This next cloth is another of Vold’s newer ones: tOwl. I also knit this pair in Dishie.

I’ve never seen an owl in the wild. Hopefully that day will come and that will be a thrill. For now, I can knit their likeness.

Once I took my 4 balloon rides, I was ready to tackle that big project again: a wedding present throw. More on that, soon.

Yep, more Amy Marie Vold cloths

These are Amy Marie Vold’s a/k/a Ravelry’s CornucopiAmy’s Fresh Knit Apple dishcloths. I knit mine in DROPS Paris. Most of my cloths are gifted to friends and family. These made me want to keep a few for myself.

First up is a nice red Delicious Apple.

This one’s a Golden Delicious, I think.

Possibly, a Fuji.

And, here’s a Granny Smith.

These easy slip-stitch cloths are tons of fun to knit. If you’ve not tried this technique before, Vold’s instructions are clear and there are many videos on the web that teach the technique as well. It’s also known as mosaic knitting. Better yet? Have a friend show you, once, and that’s all you’ll need to be off to knit your own.

If not apples, how about a Cloverleaf Cloth?

No? Then move to the animal kingdom for “Some Bunny to Do the Dishes.”

No? Care to try a farmyard animal? Here’s “Pig Pen’s Kitchen and Spa Cloth.”

My Piggy is sort of hiding in the spring grass. But you’ll make a better color choice and your piggy will pop.

Looking for an edgier cloth? “Along Came a Spider” could be just the ticket.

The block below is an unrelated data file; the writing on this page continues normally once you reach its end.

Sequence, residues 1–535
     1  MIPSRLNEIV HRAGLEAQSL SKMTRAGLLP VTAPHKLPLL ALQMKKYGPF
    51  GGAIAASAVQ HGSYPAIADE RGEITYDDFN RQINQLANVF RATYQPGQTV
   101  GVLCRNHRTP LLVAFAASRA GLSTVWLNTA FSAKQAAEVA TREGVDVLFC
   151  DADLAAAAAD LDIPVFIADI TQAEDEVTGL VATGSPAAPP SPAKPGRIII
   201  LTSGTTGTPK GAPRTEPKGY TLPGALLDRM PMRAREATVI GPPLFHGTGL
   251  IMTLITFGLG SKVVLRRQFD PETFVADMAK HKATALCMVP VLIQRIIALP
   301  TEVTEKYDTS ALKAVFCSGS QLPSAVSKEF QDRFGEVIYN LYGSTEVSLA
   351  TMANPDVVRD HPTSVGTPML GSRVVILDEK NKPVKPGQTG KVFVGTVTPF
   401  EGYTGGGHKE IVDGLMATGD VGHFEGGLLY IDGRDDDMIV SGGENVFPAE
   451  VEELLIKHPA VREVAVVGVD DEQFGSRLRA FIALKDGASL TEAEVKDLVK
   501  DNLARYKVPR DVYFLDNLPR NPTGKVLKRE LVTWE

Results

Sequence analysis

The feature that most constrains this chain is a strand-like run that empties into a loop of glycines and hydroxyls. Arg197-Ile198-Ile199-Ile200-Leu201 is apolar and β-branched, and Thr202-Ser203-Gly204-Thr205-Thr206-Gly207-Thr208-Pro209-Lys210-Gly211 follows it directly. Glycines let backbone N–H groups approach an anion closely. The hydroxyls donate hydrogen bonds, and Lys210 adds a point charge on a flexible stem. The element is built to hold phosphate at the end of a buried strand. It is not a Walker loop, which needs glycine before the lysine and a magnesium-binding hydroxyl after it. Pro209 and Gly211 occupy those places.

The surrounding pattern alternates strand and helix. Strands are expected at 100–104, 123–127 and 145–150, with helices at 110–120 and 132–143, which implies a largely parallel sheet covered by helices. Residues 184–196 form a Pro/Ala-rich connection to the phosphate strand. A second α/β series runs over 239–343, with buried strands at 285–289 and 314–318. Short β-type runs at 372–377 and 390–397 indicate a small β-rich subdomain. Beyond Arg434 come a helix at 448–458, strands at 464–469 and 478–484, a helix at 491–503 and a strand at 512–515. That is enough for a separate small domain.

I think this next one is a Brown Recluse.

From edgy to a bit cartoony. The next set is “Window Patrol Cat Coasters.” I’ve got a “Go Blue” Michigan Wolverine colorway going, because that’s all the DK weight I had in my stash at the time and I live in Michigan so it’s forgiven. These cats are definitely eyeing that little yellow birdie.

There are a lot of major and splashy talents in the knitting universe. In the smaller knitting world of dishcloths, Vold stands out.

Salty dishcloths


I know. I know. Pretty soon I’ll have to change the name of this blog to I couldn’t resist Aimee Alexander’s Ravelry invitation to test knit her collection of cloths: “Salt.” “Salt” is an ebook of 4 cloths, 3 worsted weight and one DK weight. But I wanted to see a few in different yarns so I ended up knitting some of the patterns more than once.

First, is Himalayan Salt, knit here in Knitpicks Dishie.salt2

Such a nice easy lace. And it knits up quicker than two shakes of a lamb’s tail which is the equivalent of about two shakes of a salt shaker. Well, not that fast. But if a knitter can’t complete this in two hours, she’s taken a little nap between casting on and casting off.

This next one is Sea Salt. The green one is Lily’s Sugar ‘n Cream and the pink one is Knit Picks Dishie.


I’ve never done this tucked stitch before. Alexander’s instructions are spot on. The only thing that seems to confound people is they aren’t sure whether they should photograph their cloths so that the stitch looks like “v’s” or like arrows pointing upward. Not that it matters, but it develops like arrows on your needles, so I figure that’s the way to go.

Here’s another look at Sea Salt, so you can get a closer look at the tucked stitch.


Alexander has worked up a series of other patterns in this same stitch. It’s fun to do.

Finally, here’s two versions of Infused Salt.


This is the easiest of the bunch, as I see it. It’s a slipped stitch (mosaic) pattern, worked up in a DK weight. What was fun to see, and quite unexpected–at least to me–was how different the two cloths are when you simply swap Color A and Color B. These cloths are both knit in the same two shades of DROPS Muskat. These two skeedattled out of my house almost as quickly as they popped off my needles. When it comes to dishcloths, it’s ask and ye shall receive.